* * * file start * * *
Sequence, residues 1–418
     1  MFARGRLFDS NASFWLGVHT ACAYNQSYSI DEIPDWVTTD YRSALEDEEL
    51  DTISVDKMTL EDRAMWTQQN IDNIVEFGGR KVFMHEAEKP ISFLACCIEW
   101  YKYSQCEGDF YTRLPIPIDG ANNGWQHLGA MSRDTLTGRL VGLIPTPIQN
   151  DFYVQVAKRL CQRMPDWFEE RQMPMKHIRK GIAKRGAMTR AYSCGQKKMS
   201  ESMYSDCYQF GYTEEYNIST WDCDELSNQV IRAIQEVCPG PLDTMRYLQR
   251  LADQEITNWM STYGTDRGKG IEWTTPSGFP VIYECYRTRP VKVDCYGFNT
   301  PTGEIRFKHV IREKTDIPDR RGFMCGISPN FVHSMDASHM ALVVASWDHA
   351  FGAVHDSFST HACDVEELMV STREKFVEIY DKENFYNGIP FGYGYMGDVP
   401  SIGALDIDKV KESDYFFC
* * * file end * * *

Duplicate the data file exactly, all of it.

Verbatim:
Sequence, residues 1–418
     1  MFARGRLFDS NASFWLGVHT ACAYNQSYSI DEIPDWVTTD YRSALEDEEL
    51  DTISVDKMTL EDRAMWTQQN IDNIVEFGGR KVFMHEAEKP ISFLACCIEW
   101  YKYSQCEGDF YTRLPIPIDG ANNGWQHLGA MSRDTLTGRL VGLIPTPIQN
   151  DFYVQVAKRL CQRMPDWFEE RQMPMKHIRK GIAKRGAMTR AYSCGQKKMS
   201  ESMYSDCYQF GYTEEYNIST WDCDELSNQV IRAIQEVCPG PLDTMRYLQR
   251  LADQEITNWM STYGTDRGKG IEWTTPSGFP VIYECYRTRP VKVDCYGFNT
   301  PTGEIRFKHV IREKTDIPDR RGFMCGISPN FVHSMDASHM ALVVASWDHA
   351  FGAVHDSFST HACDVEELMV STREKFVEIY DKENFYNGIP FGYGYMGDVP
   401  SIGALDIDKV KESDYFFC